School Choice Debate Is Over, Says Norquist

School Choice Debate Is Over, Says Norquist
January 1, 2000



If it's true what choice opponents say about vouchers--that they're a hoax--then a lot of Milwaukee residents are being taken for a ride, according to a new poll conducted this fall by the Milwaukee Journal Sentinel.

A solid 60 percent or more of poll respondents in the metropolitan area voiced support for Milwaukee's historic voucher program, which allows low-income parents to use their school tax dollars to pay for tuition at secular and religious private schools.

Although the mere mention of school vouchers still is enough to drive opponents to distraction, the Journal Sentinel poll reveals that taxpayer-funded school choice now is an accepted part of a broader definition of public education in the Badger State. Even among people living in the five-county area outside Milwaukee, who cannot take advantage of the city's voucher program, 59 percent supported the choice program, only slightly less than the 62 percent support from city residents.

"The debate on school choice is largely over here in Milwaukee," according to Milwaukee Mayor John O. Norquist, who spoke at an October 21 Educational Forum organized by the Journal Sentinel. "In Milwaukee, I think we're beyond experiment," he added. "We're into the reality of how these systems work."

Norquist predicted that the quality of K-12 education would improve as the system became more responsive to parents, and that increasingly "cities would be where teachers would want to live and to educate their own children and other people's children."

The initial Milwaukee Parental Choice Program, where vouchers were limited to use at secular private schools, was approved by the GOP-led legislature in 1990 after being championed by Wisconsin State Representative Annette "Polly" Williams, State Senator Gary George, and Governor Tommy Thompson. In 1995, the program was expanded to include religious schools and up to 15 percent of the city's 105,000 students.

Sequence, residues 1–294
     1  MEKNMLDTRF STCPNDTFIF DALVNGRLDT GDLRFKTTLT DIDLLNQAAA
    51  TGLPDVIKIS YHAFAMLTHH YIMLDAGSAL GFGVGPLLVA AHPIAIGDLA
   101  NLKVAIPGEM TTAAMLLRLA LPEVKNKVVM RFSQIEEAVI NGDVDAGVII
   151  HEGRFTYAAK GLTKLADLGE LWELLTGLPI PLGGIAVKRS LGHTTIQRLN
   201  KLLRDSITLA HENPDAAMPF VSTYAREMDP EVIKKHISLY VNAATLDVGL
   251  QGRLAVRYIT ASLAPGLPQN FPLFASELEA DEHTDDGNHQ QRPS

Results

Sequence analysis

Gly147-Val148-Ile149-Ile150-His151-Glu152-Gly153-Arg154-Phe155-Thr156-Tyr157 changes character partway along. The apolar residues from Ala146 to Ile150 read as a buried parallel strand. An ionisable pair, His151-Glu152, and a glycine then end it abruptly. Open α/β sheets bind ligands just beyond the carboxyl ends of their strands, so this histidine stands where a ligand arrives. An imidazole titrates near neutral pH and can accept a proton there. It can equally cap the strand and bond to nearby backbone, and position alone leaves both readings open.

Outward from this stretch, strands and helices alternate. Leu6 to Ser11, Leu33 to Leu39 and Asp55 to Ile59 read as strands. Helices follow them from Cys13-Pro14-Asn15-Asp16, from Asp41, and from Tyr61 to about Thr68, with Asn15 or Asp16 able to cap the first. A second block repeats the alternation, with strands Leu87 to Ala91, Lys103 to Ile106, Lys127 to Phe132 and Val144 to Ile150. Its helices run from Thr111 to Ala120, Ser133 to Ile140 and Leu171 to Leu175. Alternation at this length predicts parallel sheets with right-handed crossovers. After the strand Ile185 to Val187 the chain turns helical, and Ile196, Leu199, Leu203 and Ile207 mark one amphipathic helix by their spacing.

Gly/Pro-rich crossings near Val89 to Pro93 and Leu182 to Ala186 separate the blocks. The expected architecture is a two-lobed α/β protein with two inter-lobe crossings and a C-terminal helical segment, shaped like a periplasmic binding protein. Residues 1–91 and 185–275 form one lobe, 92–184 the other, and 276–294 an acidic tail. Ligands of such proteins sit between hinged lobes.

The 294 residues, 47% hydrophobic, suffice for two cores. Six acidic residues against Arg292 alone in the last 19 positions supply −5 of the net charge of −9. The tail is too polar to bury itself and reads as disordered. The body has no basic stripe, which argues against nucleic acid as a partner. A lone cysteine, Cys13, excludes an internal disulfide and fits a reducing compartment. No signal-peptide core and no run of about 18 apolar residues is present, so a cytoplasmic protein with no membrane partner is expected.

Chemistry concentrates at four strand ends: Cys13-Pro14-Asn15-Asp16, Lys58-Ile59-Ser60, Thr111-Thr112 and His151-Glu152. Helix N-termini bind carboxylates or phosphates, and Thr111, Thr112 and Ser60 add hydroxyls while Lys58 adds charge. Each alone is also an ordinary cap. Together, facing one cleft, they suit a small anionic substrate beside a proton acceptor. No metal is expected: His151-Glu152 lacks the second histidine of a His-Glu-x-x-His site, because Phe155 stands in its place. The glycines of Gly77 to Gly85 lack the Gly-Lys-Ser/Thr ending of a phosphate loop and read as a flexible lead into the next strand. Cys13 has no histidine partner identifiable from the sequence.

After prolonged court battles, the Wisconsin Supreme Court ruled in June 1998 that the program did not violate church-state separation, since the state gave the vouchers to students, not directly to the schools. That November, the U.S. Supreme Court refused to hear a challenge to the Wisconsin court’s ruling, effectively ending further legal battles.

Today, the program provides a voucher of up to $5,000 directly to the student, whose parents then select one of more than 80 private schools that accept the voucher for tuition. Roughly 75 percent of those private schools are religiously affiliated. Some 8,000 low-income students are currently attending private schools in Milwaukee.

Not surprisingly, the Journal Sentinel poll showed that the low-income families targeted by the Parental Choice Program were among its strongest supporters. More than four out of five people (81 percent) with incomes less than $11,000 a year favored the existing voucher program, as did people with less than a high school education. Strong support for the school choice plan also came from Hispanics (77 percent) and African-Americans (75 percent).

Although the voucher program was designed to expand educational options for poor children in the city, two-thirds of the respondents (66 percent) favored the idea of expanding the plan statewide to include all low-income children. Well over half of the respondents also favored expanding the plan statewide to include all children, regardless of income.

The poll was conducted for the newspaper by the Public Policy Forum and Lein/Speigelhoff Inc. of Brookfield, Wisconsin, who surveyed 800 people living in the five-county Milwaukee metropolitan area between September 24 and October 11. The poll has a margin of error of +/- 3.5 percentage points, with higher errors for questions addressing subgroups.

When respondents were asked to rate the importance of different educational goals, the top three goals selected were preparing students for the following challenges:

  • to be good citizens;
  • to succeed in college; and
  • to succeed on the job.

Respondents showed little inclination for pursuing "feel-good" reforms, and instead emphasized competency testing and a back-to-basics curriculum. Giving a thumbs-down to social promotion, 85 percent said public school students should be required to pass proficiency tests before advancing to the next grade. When asked to select which statement best expressed their views, 55 percent chose "schools need to focus on the basics, like reading, writing, or math." Only 38 percent chose "schools need to teach a broader range of subjects because the world is getting more complex."